The tropical region of Latin America and the Caribbean represents the world’s largest forested area, with suitable conditions for growing African palm. For this reason, it is essential that growth in the production of palm oil be sustainable. “We cannot continue to use the forest as an ATM,” asserts Jan Pierre Jarrin, Sustainability Director at the Oleana company, a leader in Ecuador due to its commitment to the sustainable development of palm oil cultivation.
Producing palm oil sustainably involves, for example, developing new palm crops in already deforested areas, applying good practices to increase the productivity of the crop, and obtaining environmental certifications increasingly demanded by consumers.
Aware of this challenge, IDB Invest worked together with Oleana and granted it a loan in 2017 to increase its oil processing capacity. In addition, IDB Invest is supporting the company with technical assistance to reach two important goals for its supply chain made up primarily of small and medium producers:
- Obtaining certification from the Roundtable on Sustainable Palm Oil (RSPO), the principal organization responsible for the certification of palm oil worldwide, helping Oleana’s palm-growing suppliers to meet the requirements necessary for certification (environmental studies, training, management plans for their farms, etc.). This component ties in with the initiative for jurisdictional certification of Ecuador and the agreement for zero deforestation in the Amazon, signed during 2017. It is also consistent with the commitment of the Ecuadoran government and the private sector to promote international best practices, developing the National Interpretation of RSPO for Ecuador.
- Improving the productivity of the existing plantations of small and medium palm-growers supplying Oleana, through a platform that provides personalized information on appropriate agricultural practices, using cellular technology to allow two-way communication between technicians and producers. This initiative enhances the efforts of Oleana that, through a comprehensive support program, hopes to change the behavior of palm-growers to increase their productivity. In addition, funds from IDB Invest will make it possible to evaluate the impact of the initiative, in order to apply this knowledge with other clients in similar contexts in the region. This component is being carried out with the support of Precision Agriculture for Development (PAD).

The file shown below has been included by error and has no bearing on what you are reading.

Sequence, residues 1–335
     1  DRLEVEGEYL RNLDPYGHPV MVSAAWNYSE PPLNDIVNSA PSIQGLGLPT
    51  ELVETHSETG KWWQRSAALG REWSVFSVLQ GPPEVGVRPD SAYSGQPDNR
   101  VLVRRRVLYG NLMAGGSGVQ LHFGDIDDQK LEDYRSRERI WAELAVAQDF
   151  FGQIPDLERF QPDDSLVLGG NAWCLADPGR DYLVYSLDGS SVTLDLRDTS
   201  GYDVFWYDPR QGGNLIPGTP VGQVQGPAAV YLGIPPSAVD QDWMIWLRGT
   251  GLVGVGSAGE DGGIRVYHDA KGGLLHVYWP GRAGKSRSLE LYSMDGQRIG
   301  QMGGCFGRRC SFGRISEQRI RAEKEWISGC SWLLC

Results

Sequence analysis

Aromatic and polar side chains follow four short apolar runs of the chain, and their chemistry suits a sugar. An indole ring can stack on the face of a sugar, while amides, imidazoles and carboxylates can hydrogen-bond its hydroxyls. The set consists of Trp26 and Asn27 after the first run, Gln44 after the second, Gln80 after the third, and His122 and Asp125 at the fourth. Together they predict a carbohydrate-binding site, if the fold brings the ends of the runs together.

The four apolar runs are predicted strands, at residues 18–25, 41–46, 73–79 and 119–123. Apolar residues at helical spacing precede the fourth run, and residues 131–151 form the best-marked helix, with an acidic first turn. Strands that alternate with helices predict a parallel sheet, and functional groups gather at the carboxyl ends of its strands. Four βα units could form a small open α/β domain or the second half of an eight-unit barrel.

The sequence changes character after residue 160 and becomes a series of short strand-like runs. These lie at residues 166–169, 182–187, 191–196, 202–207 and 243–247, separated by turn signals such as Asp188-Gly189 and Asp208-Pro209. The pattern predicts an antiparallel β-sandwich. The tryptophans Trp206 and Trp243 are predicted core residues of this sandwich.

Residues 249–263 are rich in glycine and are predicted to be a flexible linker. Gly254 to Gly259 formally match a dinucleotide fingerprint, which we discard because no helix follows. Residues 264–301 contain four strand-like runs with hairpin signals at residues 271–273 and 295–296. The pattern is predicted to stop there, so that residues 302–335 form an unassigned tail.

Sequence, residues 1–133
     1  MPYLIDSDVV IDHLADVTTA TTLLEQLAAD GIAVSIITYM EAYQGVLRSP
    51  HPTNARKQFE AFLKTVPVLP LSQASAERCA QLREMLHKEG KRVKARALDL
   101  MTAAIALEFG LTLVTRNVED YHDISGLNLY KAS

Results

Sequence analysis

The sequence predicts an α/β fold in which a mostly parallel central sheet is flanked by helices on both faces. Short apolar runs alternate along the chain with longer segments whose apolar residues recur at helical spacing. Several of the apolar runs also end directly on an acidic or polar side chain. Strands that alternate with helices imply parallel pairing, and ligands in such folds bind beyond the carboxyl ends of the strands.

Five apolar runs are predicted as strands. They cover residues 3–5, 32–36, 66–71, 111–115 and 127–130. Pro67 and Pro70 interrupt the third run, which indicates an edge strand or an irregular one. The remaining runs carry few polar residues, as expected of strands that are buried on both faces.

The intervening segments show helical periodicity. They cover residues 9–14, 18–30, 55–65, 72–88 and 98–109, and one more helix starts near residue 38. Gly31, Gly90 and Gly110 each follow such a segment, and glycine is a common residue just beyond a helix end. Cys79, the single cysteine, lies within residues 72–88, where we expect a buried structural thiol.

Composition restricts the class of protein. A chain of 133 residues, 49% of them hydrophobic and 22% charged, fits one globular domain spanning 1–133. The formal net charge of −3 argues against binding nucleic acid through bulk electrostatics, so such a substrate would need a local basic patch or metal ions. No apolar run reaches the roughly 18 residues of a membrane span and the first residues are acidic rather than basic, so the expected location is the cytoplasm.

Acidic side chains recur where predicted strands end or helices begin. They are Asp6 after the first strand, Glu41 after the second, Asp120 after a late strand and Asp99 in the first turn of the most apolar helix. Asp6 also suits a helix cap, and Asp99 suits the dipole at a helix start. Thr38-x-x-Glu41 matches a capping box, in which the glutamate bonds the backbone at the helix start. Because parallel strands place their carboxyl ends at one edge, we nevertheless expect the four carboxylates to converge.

Based on the implementation of these projects, Oleana hopes to consolidate itself as the first exporter of RSPO certified palm oil in Ecuador, which will allow it to have access to increasingly more stringent markets and to guarantee the sustainability of its production. In addition, greater productivity in the production of palm will both produce better incomes for small and medium palm-growers and allow Oleana to access increased inputs for processing without having to increase the number of hectares planted. This is a clear example of a win for all three parties: our client, the producers in its supply chain, and the environment.